CALGARY — The Crown has decided that a Calgary officer who fatally shot an addict holding a syringe in a hotel room will not be charged with a criminal offence.
The Alberta Serious Incident Response Team says in a release that it initially recommended the officer be charged in the March 2015 death of Anthony Heffernan.
But the police watchdog unit says the Crown’s office requested an expert opinion on use of force, and it showed the shooting could be justified.
It says the Crown determined there was no reasonable likelihood of conviction in the case and no charges will be laid.
Heffernan, who was 27, was shot four times — twice in the head — in his room at a Super 8 hotel near the city’s airport.
His family has said the recovering drug addict wasn’t posing a threat to anyone and officers didn’t need to go into his room.
“He was not causing a disturbance,” says a post on the website Truth and Justice for Anthony.
“So why on a wellness check did five armed police officers break down his door, Taser and then shoot him when he was unarmed?”
ASIRT says hotel staff had called police when Heffernan failed to check out of his room and, when officers arrived, they found him holding a syringe in one hand and flicking a lighter with the other.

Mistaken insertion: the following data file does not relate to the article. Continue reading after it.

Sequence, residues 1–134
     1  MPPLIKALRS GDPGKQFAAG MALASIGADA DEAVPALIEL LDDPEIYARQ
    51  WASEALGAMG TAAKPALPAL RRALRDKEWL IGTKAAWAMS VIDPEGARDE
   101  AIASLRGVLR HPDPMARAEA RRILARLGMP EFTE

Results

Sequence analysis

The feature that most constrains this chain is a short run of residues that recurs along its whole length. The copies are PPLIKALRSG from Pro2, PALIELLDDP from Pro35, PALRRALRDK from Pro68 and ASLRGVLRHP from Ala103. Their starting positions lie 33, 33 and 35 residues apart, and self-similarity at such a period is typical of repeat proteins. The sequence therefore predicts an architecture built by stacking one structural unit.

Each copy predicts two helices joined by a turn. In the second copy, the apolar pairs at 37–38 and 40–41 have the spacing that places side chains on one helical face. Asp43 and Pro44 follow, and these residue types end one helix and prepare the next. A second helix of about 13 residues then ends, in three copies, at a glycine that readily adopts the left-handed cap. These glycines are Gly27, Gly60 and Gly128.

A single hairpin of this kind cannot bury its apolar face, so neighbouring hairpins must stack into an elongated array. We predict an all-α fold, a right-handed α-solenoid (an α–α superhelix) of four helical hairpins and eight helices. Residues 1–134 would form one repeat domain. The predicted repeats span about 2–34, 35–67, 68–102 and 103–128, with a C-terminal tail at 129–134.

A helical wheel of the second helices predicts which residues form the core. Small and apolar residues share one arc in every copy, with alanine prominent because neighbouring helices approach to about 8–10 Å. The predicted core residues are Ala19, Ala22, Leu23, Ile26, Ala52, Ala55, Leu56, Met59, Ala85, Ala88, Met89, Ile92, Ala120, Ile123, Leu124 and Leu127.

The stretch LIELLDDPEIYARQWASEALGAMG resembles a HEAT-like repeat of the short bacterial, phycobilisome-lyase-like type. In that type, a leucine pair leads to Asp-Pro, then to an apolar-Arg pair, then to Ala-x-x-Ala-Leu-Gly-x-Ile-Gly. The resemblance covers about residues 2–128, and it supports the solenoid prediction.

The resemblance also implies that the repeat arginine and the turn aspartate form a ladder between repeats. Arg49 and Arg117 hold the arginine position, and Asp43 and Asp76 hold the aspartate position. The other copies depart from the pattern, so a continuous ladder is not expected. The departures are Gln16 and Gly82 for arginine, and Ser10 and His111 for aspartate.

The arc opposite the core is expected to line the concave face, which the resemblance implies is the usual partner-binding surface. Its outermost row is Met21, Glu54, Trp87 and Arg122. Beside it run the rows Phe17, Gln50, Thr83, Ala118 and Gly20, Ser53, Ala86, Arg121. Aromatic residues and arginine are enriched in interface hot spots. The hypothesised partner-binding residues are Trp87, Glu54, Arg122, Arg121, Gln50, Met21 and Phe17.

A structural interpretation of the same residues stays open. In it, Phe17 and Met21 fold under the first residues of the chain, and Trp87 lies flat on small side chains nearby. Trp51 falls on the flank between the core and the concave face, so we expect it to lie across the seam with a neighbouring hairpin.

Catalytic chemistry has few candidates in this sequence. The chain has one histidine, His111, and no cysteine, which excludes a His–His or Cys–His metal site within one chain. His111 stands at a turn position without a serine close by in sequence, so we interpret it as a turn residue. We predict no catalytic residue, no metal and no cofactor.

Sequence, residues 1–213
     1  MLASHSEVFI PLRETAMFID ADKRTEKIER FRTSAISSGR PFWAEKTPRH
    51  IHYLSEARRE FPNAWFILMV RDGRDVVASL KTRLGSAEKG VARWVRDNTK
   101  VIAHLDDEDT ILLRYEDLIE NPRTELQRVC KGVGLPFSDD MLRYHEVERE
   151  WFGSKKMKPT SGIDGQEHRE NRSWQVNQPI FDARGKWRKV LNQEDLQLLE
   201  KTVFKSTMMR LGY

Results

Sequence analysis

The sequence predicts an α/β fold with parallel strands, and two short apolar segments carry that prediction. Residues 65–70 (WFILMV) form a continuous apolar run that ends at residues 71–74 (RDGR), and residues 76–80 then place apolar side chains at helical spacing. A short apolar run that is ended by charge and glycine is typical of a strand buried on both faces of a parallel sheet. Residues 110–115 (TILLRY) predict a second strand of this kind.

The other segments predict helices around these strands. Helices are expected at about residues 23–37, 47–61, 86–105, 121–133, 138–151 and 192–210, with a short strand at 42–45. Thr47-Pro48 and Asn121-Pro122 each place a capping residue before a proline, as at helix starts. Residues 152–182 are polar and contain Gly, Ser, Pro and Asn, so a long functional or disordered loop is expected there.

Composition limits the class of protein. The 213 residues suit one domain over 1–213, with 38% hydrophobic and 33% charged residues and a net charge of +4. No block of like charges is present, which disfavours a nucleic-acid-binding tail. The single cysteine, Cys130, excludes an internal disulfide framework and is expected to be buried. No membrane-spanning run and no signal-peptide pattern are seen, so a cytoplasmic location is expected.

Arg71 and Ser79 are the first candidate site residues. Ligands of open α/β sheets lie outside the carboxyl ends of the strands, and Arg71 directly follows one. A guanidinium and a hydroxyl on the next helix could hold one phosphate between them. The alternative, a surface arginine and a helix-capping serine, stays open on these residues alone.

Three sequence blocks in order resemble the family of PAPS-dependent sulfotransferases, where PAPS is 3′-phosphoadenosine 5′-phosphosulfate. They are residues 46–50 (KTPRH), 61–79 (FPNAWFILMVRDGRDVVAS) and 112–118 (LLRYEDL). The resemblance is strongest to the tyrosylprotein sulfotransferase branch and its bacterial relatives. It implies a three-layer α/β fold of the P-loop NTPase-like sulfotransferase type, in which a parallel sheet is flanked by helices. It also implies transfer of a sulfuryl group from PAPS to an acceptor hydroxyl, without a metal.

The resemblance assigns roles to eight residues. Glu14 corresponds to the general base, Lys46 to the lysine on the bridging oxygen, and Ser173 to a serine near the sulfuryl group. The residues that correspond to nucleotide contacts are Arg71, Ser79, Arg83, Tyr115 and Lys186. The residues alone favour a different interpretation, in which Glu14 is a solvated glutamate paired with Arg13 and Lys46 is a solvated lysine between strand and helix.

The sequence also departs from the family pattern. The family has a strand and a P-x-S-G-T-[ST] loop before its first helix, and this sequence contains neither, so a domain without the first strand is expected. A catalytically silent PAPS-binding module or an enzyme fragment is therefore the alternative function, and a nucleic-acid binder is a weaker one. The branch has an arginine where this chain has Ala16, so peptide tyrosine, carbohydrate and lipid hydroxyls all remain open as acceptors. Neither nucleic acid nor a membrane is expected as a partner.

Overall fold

He was unresponsive and appeared to be in a drug-induced state.
“All of the witness officers stated concerns about the possibility that the syringe might be contaminated and that they might get stabbed or stuck by it,” ASIRT says in the release.
“Although the officers commanded him to drop the syringe, he remained unresponsive, non-communicative, and seemingly unaware.”
One police officer fired a Taser at Heffernan but it didn’t work. As a second officer was preparing to hit Heffernan again with a Taser, another officer fired his gun six times.
“The subject officer made a quick decision in a volatile and rapidly unfolding situation to use his service firearm in order to defend against Mr. Heffernan,” says a statement from the Alberta Crown Prosecution Service.
“The evidence would be that he did so as a defensive action against an individual who was armed with a syringe, and who had been either unwilling or unable to comply with police directions. In all of these circumstances, it could not be disproven that the subject officer acted upon a reasonable belief that he and the other officers were at risk of serious or grievous bodily harm, and that his use of force was necessary.”
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